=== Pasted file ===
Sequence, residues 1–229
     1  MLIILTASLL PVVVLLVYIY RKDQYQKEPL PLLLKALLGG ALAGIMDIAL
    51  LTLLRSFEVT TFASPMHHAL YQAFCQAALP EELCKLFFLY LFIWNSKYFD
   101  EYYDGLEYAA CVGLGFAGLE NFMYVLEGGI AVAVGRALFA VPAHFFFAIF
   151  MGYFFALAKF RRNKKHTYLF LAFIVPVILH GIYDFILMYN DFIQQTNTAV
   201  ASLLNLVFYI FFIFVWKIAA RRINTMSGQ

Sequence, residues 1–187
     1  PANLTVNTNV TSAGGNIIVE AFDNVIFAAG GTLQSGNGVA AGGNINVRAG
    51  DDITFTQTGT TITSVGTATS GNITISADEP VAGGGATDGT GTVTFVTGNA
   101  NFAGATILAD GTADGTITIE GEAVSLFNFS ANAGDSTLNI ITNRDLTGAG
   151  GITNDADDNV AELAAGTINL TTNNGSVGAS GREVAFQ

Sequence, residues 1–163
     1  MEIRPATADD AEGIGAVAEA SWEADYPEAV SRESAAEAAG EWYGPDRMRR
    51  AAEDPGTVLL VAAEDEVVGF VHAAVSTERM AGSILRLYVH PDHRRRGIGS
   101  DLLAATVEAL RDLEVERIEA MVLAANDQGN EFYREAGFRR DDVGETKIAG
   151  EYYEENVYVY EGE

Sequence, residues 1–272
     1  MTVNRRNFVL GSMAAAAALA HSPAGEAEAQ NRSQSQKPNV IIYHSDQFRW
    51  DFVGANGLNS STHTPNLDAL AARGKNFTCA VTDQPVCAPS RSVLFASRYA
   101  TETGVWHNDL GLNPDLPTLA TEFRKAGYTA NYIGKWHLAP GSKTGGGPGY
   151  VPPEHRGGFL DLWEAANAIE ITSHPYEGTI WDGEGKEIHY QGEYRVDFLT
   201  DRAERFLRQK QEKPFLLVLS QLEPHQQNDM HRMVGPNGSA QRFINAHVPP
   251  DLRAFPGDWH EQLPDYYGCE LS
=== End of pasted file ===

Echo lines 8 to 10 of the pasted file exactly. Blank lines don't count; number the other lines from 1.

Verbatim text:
     1  PANLTVNTNV TSAGGNIIVE AFDNVIFAAG GTLQSGNGVA AGGNINVRAG
    51  DDITFTQTGT TITSVGTATS GNITISADEP VAGGGATDGT GTVTFVTGNA
   101  NFAGATILAD GTADGTITIE GEAVSLFNFS ANAGDSTLNI ITNRDLTGAG